Plantar Wart

A wart is a small growth on the skin that develops when the skin is infected by a virus. Warts can develop anywhere on the foot, but typically they appear on the bottom (plantar side) of the foot. Plantar warts most commonly occur in children, adolescents, and the elderly.

There are two types of plantar warts:

  • A solitary wart is a single wart. It often increases in size and may eventually multiply, forming additional “satellite” warts.
  • Mosaic warts are a cluster of several small warts growing closely together in one area. Mosaic warts are more difficult to treat than solitary warts.

Symptoms

The symptoms of a plantar wart may include:

  • Thickened skin. Often a plantar wart resembles a callus because of its tough, thick tissue.
  • Pain. Walking and standing may be painful. Squeezing the sides of the wart may also cause pain.
  • Tiny black dots. These often appear on the surface of the wart. The dots are actually dried blood contained in the capillaries (tiny blood vessels).
  • Plantar warts grow deep into the skin. Usually this growth occurs slowly, with the wart starting small and becoming larger over time.

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Causes

Plantar warts are caused by direct contact with the human papilloma virus (HPV). This is the same virus that causes warts on other areas of the body.

Diagnosis

To diagnose a plantar wart, the foot and ankle surgeon will examine the patient’s foot and look for signs and symptoms of a wart.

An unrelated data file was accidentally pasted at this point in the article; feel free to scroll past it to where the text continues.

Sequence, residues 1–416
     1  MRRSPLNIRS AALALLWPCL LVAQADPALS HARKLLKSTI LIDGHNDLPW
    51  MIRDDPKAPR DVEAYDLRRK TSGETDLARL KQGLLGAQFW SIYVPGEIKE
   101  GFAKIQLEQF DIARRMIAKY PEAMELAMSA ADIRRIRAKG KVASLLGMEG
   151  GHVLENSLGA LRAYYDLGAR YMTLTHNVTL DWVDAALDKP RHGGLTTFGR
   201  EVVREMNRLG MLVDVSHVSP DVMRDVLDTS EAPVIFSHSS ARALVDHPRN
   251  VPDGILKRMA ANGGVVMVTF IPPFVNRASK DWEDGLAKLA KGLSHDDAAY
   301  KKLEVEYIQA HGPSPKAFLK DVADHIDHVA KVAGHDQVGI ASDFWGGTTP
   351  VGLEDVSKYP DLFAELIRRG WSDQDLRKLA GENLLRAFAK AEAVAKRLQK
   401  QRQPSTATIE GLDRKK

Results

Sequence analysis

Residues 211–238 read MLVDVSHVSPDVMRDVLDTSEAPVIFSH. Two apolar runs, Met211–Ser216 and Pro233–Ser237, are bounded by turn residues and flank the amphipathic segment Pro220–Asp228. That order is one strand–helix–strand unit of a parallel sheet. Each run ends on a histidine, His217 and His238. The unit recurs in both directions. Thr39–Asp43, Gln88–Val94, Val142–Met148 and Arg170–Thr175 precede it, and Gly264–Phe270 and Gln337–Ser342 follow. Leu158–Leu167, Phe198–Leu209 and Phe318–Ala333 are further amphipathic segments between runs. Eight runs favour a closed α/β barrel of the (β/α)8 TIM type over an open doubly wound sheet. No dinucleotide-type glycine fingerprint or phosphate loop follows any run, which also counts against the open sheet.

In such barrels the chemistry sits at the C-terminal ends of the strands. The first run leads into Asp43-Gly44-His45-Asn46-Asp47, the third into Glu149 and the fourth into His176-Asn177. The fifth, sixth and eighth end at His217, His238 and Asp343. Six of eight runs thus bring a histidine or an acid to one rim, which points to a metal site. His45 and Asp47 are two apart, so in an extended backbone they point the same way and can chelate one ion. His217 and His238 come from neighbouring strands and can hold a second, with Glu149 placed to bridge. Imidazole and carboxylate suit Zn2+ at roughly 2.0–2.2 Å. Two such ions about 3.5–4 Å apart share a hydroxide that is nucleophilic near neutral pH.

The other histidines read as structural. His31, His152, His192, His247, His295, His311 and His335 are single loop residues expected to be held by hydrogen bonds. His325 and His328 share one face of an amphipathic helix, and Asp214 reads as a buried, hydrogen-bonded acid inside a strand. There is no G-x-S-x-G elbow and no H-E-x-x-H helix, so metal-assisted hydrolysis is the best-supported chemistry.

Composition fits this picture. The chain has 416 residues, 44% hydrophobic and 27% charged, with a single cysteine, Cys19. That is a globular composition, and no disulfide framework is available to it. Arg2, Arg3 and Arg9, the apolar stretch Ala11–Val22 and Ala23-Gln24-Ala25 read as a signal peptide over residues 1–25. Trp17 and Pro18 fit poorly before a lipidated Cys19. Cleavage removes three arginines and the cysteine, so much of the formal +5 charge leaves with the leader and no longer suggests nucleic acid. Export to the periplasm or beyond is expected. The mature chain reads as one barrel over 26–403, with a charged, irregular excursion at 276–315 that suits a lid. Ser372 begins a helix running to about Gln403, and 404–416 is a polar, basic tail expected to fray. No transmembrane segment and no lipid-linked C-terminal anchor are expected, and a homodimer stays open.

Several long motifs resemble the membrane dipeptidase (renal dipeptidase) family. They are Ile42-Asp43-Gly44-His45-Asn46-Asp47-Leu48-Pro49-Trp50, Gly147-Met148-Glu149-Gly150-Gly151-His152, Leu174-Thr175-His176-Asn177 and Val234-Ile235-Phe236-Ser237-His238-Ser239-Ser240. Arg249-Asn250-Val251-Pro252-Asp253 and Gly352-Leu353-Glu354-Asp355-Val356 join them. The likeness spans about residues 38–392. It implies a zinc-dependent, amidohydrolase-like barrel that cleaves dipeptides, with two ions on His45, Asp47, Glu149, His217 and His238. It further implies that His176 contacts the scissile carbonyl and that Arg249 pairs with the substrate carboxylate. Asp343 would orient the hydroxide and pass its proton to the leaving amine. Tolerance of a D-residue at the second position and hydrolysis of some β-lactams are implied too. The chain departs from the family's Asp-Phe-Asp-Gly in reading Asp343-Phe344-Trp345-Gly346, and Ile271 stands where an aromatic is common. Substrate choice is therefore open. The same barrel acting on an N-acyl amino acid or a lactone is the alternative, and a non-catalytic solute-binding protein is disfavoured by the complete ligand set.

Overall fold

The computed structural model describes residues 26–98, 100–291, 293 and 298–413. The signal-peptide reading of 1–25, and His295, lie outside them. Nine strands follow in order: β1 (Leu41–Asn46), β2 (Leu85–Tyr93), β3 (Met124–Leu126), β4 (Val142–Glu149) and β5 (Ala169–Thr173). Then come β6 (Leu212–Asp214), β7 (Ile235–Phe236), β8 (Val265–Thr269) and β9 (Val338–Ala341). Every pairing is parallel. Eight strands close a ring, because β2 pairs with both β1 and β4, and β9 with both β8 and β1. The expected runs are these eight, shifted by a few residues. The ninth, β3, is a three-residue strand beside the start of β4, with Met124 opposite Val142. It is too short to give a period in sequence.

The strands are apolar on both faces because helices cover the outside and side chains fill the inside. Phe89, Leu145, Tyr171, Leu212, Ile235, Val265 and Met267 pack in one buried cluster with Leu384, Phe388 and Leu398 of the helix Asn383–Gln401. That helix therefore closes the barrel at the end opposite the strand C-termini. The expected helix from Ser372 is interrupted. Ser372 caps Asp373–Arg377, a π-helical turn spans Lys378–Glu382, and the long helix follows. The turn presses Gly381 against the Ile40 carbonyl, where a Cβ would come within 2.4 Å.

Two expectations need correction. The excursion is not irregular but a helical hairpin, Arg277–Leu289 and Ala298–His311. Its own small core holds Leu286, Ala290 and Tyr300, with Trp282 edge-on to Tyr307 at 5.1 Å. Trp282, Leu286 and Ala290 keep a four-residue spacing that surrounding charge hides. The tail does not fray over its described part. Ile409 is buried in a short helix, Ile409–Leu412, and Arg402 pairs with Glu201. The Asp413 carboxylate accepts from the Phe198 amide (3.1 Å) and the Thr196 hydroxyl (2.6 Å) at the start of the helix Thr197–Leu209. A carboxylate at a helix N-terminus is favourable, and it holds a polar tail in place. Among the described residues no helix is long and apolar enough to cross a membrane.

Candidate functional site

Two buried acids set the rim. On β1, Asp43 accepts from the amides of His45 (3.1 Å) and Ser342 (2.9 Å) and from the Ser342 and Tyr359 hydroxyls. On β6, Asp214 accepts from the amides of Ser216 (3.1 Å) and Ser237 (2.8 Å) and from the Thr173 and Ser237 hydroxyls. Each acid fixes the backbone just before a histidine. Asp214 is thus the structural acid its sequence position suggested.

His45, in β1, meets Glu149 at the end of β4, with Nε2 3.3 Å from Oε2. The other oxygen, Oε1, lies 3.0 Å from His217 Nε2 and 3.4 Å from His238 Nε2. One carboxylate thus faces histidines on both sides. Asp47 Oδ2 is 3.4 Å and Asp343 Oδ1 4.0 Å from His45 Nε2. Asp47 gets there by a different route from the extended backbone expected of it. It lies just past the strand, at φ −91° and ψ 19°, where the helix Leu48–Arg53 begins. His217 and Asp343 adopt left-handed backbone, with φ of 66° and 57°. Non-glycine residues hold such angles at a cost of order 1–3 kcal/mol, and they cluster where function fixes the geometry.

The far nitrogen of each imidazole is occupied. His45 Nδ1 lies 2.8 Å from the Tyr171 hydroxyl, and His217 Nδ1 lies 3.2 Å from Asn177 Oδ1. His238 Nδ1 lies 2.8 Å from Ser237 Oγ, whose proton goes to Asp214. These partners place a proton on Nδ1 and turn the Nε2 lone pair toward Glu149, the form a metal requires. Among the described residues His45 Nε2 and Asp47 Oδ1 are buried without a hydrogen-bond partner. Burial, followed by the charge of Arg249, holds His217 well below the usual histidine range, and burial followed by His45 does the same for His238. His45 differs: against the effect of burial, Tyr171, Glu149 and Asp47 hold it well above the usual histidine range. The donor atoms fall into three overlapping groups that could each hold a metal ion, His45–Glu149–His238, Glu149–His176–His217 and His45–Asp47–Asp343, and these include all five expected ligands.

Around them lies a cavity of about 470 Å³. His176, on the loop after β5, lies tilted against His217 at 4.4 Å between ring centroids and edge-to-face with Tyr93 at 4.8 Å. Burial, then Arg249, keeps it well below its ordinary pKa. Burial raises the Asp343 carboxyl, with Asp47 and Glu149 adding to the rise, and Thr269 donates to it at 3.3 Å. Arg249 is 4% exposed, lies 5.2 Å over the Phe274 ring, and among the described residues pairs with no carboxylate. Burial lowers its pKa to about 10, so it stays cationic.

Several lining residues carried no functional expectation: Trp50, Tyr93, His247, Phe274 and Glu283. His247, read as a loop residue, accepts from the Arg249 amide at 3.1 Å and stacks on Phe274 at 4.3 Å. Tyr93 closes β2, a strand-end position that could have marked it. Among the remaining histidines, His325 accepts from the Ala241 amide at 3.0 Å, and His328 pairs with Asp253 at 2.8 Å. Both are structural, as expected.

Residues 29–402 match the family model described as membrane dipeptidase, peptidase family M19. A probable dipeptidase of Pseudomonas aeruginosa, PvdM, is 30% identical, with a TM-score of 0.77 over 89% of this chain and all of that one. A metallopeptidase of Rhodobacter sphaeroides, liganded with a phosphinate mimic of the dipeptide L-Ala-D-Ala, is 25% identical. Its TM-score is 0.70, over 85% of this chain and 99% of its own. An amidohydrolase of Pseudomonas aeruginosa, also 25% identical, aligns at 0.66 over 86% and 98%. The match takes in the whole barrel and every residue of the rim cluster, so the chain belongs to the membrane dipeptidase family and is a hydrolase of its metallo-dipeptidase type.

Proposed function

Although plantar warts may eventually clear up on their own, most patients desire faster relief. The goal of treatment is to completely remove the wart.

Conservative Management

The foot and ankle surgeon may use topical or oral treatments, laser therapy, cryotherapy (freezing), acid treatments, or surgery to remove the wart.

Regardless of the treatment approaches undertaken, it is important that the patient follow the surgeon’s instructions, including all home care and medication that has been prescribed, as well as follow-up visits with the surgeon. Warts may return, requiring further treatment.

Surgical Management

If there is no response to treatment, surgical excision may be necessary. In such cases, the surgeon can perform a tibial nerve block with local anaesthetic and the plantar wart can be removed without the need to go to the hospital.

Although there are many folk remedies for warts, patients should be aware that these remain unproven and may be dangerous. Patients should never try to remove warts themselves. This can do more harm than good.

Any surgical or invasive procedure carries risks. Before proceeding, you should seek a second opinion from an appropriately qualified health practitioner

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